Which medications in the drug class NMDA Antagonists are used in the treatment of Primary Open-Angle Glaucoma (POAG)?

Updated: Mar 16, 2020
  • Author: Kristin Schmid Biggerstaff, MD; Chief Editor: Inci Irak Dersu, MD, MPH  more...
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NMDA Antagonists

Neuroprotection in glaucoma has been aimed at protecting those neurons that are damaged or likely to be damaged in glaucomatous optic neuropathy, which consists of neurons along the entire visual pathway, chiefly the retinal ganglion cells (RGC) axons. Using an NMDA antagonist may prevent RGC loss where excitotoxicity, resulting from NMDA receptor overactivation, is implicated.

Memantine (Namenda, Namenda XR)

Memantine is a noncompetitive, low-affinity, open channel blocker that exhibits selective blockade of the excessively open channels with a fast-off rate, thus inhibiting excessive N-methyl-D-aspartate (NMDA) receptor activity while maintaining normal neuronal cell function as it does not accumulate significantly within the channel.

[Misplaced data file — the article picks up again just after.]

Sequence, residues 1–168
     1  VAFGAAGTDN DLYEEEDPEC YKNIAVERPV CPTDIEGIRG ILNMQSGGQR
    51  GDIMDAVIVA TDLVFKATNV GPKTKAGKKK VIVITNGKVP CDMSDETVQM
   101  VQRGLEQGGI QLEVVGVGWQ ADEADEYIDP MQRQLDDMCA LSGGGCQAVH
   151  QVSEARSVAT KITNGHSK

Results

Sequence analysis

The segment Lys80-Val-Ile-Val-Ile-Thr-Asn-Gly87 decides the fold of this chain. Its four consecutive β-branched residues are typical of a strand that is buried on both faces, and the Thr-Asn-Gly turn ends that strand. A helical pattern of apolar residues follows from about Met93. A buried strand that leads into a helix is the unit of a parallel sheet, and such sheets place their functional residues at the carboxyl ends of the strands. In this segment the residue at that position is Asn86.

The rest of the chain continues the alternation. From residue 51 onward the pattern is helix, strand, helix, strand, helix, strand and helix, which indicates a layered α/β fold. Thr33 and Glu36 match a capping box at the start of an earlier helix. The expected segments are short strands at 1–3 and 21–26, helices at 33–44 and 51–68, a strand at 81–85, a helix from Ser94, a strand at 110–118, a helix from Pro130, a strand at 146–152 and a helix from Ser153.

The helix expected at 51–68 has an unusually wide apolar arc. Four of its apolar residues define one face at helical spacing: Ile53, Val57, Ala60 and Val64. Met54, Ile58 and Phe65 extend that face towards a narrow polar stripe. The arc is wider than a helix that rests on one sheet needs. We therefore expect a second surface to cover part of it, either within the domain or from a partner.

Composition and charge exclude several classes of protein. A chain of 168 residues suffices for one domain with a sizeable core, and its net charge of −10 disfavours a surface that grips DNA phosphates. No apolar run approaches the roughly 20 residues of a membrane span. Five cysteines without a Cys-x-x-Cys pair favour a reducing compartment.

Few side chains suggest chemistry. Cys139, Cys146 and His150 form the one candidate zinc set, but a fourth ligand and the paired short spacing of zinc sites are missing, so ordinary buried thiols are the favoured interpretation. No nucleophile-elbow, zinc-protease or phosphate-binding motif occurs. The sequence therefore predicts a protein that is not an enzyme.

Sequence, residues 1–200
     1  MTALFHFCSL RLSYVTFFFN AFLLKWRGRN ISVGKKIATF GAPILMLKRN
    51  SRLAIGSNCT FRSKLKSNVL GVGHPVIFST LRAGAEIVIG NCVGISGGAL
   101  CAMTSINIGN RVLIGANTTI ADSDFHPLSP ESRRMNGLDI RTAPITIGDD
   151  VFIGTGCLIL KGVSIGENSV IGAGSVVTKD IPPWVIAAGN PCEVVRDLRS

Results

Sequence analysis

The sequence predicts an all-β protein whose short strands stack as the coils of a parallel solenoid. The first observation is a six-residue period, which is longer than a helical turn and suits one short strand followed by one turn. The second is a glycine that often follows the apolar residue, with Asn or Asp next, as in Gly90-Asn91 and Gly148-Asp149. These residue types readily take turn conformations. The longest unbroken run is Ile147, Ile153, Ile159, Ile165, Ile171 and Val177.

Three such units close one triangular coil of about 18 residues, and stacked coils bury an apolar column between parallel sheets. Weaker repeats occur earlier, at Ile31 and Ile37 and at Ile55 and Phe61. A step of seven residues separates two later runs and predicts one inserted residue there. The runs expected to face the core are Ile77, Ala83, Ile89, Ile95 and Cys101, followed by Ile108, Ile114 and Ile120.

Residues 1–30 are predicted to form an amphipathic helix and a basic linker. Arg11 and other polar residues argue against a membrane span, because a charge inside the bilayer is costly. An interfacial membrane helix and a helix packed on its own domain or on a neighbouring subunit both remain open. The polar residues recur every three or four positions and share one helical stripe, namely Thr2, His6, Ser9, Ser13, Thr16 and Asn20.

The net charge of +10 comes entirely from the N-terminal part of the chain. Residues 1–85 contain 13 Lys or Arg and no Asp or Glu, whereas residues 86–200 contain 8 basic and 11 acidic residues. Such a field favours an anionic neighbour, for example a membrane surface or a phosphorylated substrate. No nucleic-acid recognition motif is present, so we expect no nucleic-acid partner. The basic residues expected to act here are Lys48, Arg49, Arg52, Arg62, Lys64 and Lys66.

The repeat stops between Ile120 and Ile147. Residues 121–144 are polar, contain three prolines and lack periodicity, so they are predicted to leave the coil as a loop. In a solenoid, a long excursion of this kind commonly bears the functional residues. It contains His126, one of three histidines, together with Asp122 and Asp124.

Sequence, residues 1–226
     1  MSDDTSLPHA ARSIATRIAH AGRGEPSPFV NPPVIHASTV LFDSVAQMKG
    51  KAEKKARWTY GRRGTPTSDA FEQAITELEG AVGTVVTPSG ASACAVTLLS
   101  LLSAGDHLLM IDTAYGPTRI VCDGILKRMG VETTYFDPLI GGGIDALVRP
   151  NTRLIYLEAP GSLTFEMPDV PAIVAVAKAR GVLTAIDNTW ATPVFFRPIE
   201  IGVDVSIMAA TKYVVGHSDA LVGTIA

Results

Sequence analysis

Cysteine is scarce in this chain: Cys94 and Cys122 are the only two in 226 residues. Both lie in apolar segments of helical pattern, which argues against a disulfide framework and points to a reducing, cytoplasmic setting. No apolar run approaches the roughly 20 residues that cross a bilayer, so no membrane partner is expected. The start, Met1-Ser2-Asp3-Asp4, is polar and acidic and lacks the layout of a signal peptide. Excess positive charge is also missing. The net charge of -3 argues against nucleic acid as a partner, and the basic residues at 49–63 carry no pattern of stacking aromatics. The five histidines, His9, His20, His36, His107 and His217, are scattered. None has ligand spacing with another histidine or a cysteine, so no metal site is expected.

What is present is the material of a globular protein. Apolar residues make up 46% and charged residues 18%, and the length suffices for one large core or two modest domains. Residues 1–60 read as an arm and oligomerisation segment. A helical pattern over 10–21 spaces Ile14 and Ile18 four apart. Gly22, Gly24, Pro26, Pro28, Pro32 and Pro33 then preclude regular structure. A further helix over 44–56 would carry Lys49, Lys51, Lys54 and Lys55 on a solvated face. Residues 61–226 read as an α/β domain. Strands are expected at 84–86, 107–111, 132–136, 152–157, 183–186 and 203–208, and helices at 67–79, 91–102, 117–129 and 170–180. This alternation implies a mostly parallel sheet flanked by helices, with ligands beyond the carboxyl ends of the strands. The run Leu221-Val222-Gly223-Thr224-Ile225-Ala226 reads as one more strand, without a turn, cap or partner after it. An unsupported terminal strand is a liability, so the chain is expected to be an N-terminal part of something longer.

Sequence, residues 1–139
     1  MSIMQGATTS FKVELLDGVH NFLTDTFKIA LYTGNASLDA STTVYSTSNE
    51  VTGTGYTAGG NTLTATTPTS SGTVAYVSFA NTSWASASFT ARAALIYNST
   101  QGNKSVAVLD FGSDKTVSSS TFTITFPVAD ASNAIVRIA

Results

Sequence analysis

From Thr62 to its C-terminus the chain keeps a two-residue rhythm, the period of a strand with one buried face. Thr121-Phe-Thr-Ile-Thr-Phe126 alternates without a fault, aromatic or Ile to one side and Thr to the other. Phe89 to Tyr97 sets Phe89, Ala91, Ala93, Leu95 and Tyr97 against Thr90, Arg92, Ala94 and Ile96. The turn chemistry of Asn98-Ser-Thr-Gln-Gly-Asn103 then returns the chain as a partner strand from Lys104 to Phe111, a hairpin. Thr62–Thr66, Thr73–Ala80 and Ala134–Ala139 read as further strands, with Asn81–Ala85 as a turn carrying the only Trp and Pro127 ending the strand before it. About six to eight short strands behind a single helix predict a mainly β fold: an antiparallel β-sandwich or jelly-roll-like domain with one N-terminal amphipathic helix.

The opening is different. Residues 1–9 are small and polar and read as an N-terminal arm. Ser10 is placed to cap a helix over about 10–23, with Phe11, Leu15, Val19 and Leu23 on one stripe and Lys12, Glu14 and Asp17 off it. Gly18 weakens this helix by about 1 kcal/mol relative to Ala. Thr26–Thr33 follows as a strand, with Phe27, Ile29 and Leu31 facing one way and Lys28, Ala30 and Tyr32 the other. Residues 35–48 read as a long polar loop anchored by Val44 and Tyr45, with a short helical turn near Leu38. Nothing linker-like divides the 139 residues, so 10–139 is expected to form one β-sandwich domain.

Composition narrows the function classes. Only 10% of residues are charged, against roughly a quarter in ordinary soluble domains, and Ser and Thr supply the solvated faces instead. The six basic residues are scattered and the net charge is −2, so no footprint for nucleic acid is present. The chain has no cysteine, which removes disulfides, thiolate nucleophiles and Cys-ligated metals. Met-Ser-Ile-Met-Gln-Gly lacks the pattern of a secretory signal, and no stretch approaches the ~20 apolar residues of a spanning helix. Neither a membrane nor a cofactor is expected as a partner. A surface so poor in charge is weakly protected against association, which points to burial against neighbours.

Indicated for moderate-to-severe Alzheimer disease; memantine failed initial phase III trial endpoints for glaucoma indication, although subgroup analysis shows possible efficacy for patients with severe visual loss from glaucoma; possible neuroprotective systemic treatment of glaucoma, although as of now, this is a non-FDA approved off-label use of the drug.

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